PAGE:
The first pillar – Environmental pillar – deals with environmental impacts and risks of the operations of the company in question. This pillar includes themes such as (1) carbon emissions & GHG accounting, (2) pollution & waste management, (3) water, energy & other resources’ management, (4) impact on climate change, biodiversity & land use, and (5) overall environmental impact of the operations. Second, the Social pillar encompasses the relationship management with stakeholders, with themes including (1) health & safety, (2) diversity & inclusivity, (3) opportunities & benefits for employees, and (4) communities associated with the business. The final pillar, Governance, deals with top management of the company – like the board of directors – about their (board) diversity, responsibility, transparency, ethics, and their relationship with other employees. These three pillars ensure the inclusion of all the relevant themes in sustainability reporting.

While sustainability reporting was not mandated by legislation until recently, multiple reporting standards and frameworks have been developed by various international organizations in consultation with experts and relevant stakeholders. The most popular and widely accepted among them is the “Global Reporting Initiative (GRI)”. Used by more than 7,500 companies, it has topic-wise sector-specific standards for all types of businesses.

In 2023, the European Union released the Corporate Sustainability Reporting Directive (CSRD), drawing inspiration from GRI. Under this directive, large publicly listed companies in the EU will be mandated to publish sustainability reports according to European Sustainability Reporting Standards (ESRS), starting from the fiscal year 2024. The International Sustainability Standards Board (ISSB) established recently is also expected to develop its own universally accepted standards in the coming years.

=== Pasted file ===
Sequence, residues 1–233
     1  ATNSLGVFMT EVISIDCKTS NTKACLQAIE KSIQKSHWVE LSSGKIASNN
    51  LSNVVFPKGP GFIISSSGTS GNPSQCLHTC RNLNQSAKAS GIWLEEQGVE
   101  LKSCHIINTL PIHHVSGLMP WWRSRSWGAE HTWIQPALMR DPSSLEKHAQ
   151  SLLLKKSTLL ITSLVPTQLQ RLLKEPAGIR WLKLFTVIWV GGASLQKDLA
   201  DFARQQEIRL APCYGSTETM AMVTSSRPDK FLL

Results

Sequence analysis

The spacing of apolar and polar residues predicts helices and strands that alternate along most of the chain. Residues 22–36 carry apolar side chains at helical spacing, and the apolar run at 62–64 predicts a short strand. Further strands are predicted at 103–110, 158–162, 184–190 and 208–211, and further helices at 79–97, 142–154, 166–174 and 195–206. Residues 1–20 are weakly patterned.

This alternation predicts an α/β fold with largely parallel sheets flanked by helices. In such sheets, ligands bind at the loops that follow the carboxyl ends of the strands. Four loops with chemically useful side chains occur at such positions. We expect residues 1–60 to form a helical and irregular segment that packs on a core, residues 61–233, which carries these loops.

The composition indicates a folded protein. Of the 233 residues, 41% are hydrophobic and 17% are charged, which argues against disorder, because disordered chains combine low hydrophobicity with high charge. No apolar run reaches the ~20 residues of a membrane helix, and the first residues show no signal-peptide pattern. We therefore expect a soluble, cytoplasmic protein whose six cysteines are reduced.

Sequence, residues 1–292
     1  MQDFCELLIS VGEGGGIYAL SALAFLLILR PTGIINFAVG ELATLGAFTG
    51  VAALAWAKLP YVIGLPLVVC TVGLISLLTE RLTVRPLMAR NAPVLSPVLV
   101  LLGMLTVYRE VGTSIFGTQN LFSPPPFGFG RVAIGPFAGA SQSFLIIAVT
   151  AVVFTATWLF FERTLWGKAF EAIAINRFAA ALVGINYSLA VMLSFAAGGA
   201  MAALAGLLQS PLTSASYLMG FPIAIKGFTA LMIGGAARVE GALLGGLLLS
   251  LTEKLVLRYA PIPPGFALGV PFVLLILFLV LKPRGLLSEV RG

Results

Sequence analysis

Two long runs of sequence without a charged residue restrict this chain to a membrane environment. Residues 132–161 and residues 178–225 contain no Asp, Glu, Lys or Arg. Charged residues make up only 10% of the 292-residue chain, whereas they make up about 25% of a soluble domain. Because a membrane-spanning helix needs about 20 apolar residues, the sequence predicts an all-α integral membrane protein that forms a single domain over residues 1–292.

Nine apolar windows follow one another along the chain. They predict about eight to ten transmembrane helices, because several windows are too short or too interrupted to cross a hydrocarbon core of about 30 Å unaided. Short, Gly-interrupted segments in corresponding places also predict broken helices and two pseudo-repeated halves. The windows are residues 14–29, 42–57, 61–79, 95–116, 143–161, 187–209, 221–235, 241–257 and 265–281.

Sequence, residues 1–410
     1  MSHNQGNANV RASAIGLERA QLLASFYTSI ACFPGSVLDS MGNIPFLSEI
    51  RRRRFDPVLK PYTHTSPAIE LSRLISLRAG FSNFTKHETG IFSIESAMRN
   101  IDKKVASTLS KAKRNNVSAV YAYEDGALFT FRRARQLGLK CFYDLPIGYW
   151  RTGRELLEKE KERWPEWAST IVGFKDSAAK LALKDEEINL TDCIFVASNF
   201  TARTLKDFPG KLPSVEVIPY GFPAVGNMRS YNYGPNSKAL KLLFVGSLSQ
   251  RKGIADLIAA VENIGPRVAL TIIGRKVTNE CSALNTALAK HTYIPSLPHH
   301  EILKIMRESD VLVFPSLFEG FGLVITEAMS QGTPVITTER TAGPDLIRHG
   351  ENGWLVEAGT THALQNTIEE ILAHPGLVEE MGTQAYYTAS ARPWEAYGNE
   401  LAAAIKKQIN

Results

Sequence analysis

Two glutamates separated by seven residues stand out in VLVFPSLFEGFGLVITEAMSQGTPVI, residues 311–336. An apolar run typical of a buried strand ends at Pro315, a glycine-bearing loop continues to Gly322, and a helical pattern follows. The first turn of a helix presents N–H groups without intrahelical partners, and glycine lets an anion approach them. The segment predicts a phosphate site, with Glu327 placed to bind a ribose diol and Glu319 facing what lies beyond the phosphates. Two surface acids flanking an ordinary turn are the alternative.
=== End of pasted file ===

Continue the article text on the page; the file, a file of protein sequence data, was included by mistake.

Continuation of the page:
Prior to the adoption of CSRD and the legal mandate for sustainability reporting, it was largely voluntary. Apart from GRI, there were also multiple frameworks and standards developed by other organizations for the same. Thus, companies generally used the standards which were better suited to their agendas. This prevented comparability among different companies’ reports. Besides, a lack of legislation and universally accepted standards forced the companies to develop their own goals, strategies, and standards, which are generally based on their capabilities and progress, rather than on a standard benchmark. Apart from affecting comparability, it also made the reporting confusing and misleading for the stakeholders.

Notably, despite the promising nature of the concepts of sustainability reporting and ESG, they have not been able to deliver any significant results in terms of sustainable development in the last two decades. While there may be some amount of efficiency and optimization achieved through this practice, it is insignificant compared to the growth in environmental degradation by commercial production. This insufficiency may be attributed to the lack of universal standards and pertinent legislation. The absence of a transparent audit in most of the cases of the reporting has also contributed to its limited success. According to researchers, what the world of corporate sustainability needs, is a more rigorous and aggressive legislative approach rather than the current passive one of voluntary sustainability and ESG reporting. One can only hope that the introduction of CSRD and ISSB standards will pave the way to significantly lessen the impact of the business world on our planet!

Written by: Saee Ghule
Edited by: Haorui Luo